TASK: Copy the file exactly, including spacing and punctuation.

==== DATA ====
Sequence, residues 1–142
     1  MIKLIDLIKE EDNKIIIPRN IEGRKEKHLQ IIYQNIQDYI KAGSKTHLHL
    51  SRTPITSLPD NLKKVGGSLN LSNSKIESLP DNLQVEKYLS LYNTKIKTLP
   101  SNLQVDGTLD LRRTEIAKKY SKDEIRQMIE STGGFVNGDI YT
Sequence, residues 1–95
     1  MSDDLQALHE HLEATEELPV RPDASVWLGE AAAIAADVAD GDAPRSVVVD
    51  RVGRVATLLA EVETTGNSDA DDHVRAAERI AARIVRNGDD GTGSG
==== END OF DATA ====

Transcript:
Sequence, residues 1–142
     1  MIKLIDLIKE EDNKIIIPRN IEGRKEKHLQ IIYQNIQDYI KAGSKTHLHL
    51  SRTPITSLPD NLKKVGGSLN LSNSKIESLP DNLQVEKYLS LYNTKIKTLP
   101  SNLQVDGTLD LRRTEIAKKY SKDEIRQMIE STGGFVNGDI YT
Sequence, residues 1–95
     1  MSDDLQALHE HLEATEELPV RPDASVWLGE AAAIAADVAD GDAPRSVVVD
    51  RVGRVATLLA EVETTGNSDA DDHVRAAERI AARIVRNGDD GTGSG